1. Is it difficult composing South Asian music?
I like music that blends into something new. When I came to New York City from my small town years ago the first music I was exposed to was Karsh Kale and Talvin Singh. And what they do I would not strictly call South Asian. They are blending and exploring. What I love most about South Asian forms of music is the “Om” sound. It would be difficult for me if I was specifically trying to compose classical forms of South Asian music. I really only use Tablas, Sitars, etc. as textures. It is never the center of the piece for me. The masters of those traditions have their own rules to follow and break.
2. How do you go about creating music for movies?
I love to lock myself away in my studio and get lost. Usually I go with my gut instinct. I trust in the melody that is humming in my head. So my process centers around that. The initial inspiration may have nothing to do with music. I get inspired by other people, ideas, news, events, and memories. The music helps me capture those moments.
3. What drew you to compose music for Sita Sings the Blues?
The first scene I saw was “Whose Knocking on My Door?”. I was immediately entranced. I thought it was one of the most unique animations I’d ever seen. I loved the eye-popping colors and trippy design. I also loved the hilarity of this brave Sita character singing and dancing amongst the chaotic violence.
4. Can you talk about the composition behind “Sita in Space”?
The first order of business was to create a song that could begin the film. Nina (director) explained how the audience would be zeroing in on the earth from deep space. She wanted a Bhangra-esque beat but with more of a “Pink Floyd” rock quality to the composition. So “Sita in Space” was born. I sent it to Nina and then about a month later she sent me back the video, edited to the music. I was blown away. The opening scene was done. Amazing.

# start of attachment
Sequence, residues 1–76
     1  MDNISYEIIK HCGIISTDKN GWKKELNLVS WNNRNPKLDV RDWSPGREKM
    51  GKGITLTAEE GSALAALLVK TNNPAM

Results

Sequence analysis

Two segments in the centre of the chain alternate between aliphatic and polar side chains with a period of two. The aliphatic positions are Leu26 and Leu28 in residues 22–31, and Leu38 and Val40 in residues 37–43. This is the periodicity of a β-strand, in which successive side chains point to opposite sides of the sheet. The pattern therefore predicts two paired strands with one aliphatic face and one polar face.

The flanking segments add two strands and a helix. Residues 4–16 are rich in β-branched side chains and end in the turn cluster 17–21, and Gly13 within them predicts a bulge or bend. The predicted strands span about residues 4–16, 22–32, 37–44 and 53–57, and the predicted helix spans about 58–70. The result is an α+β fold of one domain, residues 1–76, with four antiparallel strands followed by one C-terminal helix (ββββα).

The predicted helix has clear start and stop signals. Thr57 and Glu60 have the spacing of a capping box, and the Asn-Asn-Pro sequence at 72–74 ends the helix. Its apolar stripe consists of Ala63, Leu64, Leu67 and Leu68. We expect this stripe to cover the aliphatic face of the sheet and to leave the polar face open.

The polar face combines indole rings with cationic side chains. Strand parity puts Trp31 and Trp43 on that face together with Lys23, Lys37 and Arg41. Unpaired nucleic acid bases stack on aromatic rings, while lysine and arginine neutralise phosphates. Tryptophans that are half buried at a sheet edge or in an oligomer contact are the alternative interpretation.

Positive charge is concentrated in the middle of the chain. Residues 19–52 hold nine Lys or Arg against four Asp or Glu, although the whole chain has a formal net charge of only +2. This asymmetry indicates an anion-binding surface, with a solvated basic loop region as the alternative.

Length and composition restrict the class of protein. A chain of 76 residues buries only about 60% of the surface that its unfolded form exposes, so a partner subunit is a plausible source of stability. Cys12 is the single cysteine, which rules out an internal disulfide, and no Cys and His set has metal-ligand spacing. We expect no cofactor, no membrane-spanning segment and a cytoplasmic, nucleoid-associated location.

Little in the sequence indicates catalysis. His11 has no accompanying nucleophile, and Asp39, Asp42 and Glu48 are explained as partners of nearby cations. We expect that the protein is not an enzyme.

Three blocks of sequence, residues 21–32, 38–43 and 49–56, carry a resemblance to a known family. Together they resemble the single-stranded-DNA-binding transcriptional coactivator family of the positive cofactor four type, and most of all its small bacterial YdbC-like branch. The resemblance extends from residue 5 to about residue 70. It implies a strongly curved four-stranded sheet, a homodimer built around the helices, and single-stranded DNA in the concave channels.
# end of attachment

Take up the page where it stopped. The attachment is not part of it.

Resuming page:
5. How did the song “Agni Pariksha” develop?
This is the incredible music video halfway through the film that follows Nina’s own breakup via email. For this music Nina wanted pure pain combined with the fierceness of a passionate woman scorned. So I came up with the tune and had Reena Shah sing the part. Reena’s voice is mournful yet powerful. We got the lyrics from Reena’s mother, Laxmi Shah, who is also a gifted singer. Her Hindi poem really tied together the entire experience for us. And Nina’s gorgeous animation takes it to an entirely new genius level.
6. Why should people watch Sita Sings the Blues?
Regardless of where you are from in this world each of us has parallel stories to tell. It seemed to me that “Sita Sings the Blues” created a new kind of story art woven from other styles. You can’t quite describe a film like this, you’ve just got to see it. And despite of any controversy that may surround a film that uses its own interpretation of folklore, this film will stand the test of time and continue to amaze and influence new culture. I feel honored and blessed to have been a part of it.
Find out more about Todd Michaelsen at www.toddmichaelsen.com
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